I'm part of an RPG Group that plays multiple campaigns in multiple systems. Lately, two of our members have announced interest in a D&D 5e campaign, which isn't a system this group has played before, although some of us have 3.5 experience.
Now our group has several members who prefer to be creative in building characters and find their own combinations of mechanics. However, 5e seems to have nerfed multi-classing to a significant degree, forcing Players to adhere to the predefined classes (which, to be fair, are better than they were in 3.5) unless they want to significantly weaken their characters. We have thus devised a few house rules we might implement to address this problem.
Unfortunately, none of us has enough experience with the system to properly judge their side effects. There are two effects that are not to be strongly considered:
- The power level will rise slightly. This is obvious, to be expected and not a problem, unless the increase is a lot greater than we expect. Of course this may influence encounter design.
- Intra-party balance will not be a huge consideration. We are an established group with good communication and cooperation. Unless there would be a truly massive new imbalance created, we probably won't notice.
Here are the rules:
- All classes that provide Extra Attack stack for the purposes of providing extra attacks up to the level they provide their last extra attack. (i.e. a Monk 2/Fighter 3 would have 2 attacks (because both Monk and Fighter gain Extra Attack at level 5 and they stack for 2+3=5) a Monk 2/Fighter 18 would have 4 (because the Monk stacks for up to 5 levels for 2+18=20 and the Fighter gains the 4th attack at Level 20) but a Monk 18/Fighter 2 would still only have 2 (because the Monk only gains one extra attack at Level 5 and thus only stacks up to there, and even a Fighter Level 7 (5+2) doesn't gain any more attacks than that)).
- The standard ability score improvement progression of 4th, 8th, 12th, 16th and 19th class level is based on character level instead. Additional ASIs such as the Fighter's are still attained at the listed class level.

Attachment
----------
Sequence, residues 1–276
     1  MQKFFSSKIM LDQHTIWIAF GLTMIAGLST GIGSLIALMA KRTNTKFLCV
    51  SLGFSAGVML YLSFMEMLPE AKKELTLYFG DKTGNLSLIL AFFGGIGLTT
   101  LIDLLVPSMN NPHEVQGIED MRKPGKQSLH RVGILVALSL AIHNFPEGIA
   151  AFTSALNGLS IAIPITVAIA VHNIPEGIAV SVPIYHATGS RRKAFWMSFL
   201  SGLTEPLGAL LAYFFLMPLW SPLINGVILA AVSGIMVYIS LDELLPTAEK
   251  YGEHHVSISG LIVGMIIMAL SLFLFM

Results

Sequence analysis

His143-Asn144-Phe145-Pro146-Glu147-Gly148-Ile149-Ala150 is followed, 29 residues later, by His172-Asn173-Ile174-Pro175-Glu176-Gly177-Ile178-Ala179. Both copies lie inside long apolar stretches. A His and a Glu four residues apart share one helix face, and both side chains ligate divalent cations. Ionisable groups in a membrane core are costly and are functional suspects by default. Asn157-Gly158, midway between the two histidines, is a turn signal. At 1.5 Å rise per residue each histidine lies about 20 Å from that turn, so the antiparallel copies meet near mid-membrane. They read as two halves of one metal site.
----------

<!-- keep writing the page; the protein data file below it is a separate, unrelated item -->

- In addition to the multi-class proficiencies listed on page 164 PHB, the character gains proficiency in one skill from the class skill list of the newly adopted class.
- Instead of all the proficiencies gained when adopting a new class, including the additional skill proficiency above, the character may gain proficiency in one of the saves the new class is proficient in.
Issues I am anticipating:
- Wizard and Sorcerer dips don't have much to give up for a save and some magic. However, since full casters are still a lot more powerful than mundanes with a caster dip, that's probably not too bad. Everyone likes a few cantrips.
- Classes like Rogue and Bard are slightly devalued, because they lose the unique privilege of multi-class skill proficiencies. Not sure how serious of a problem this is or how to address it.
- Dipping in general becomes more viable, which is an intended outcome of these rules, but we'll have to see whether it goes out of hand. I hope that the loss of high level class features is enough of a threat to discourage exaggerated multi-dipping. The real goal is more to make 2-3 class combinations viable at lower levels.
So the main question remains: are there significant problems this would cause, mechanics this would break etc. that I as someone who doesn't know the 5e rule set terribly well am overlooking?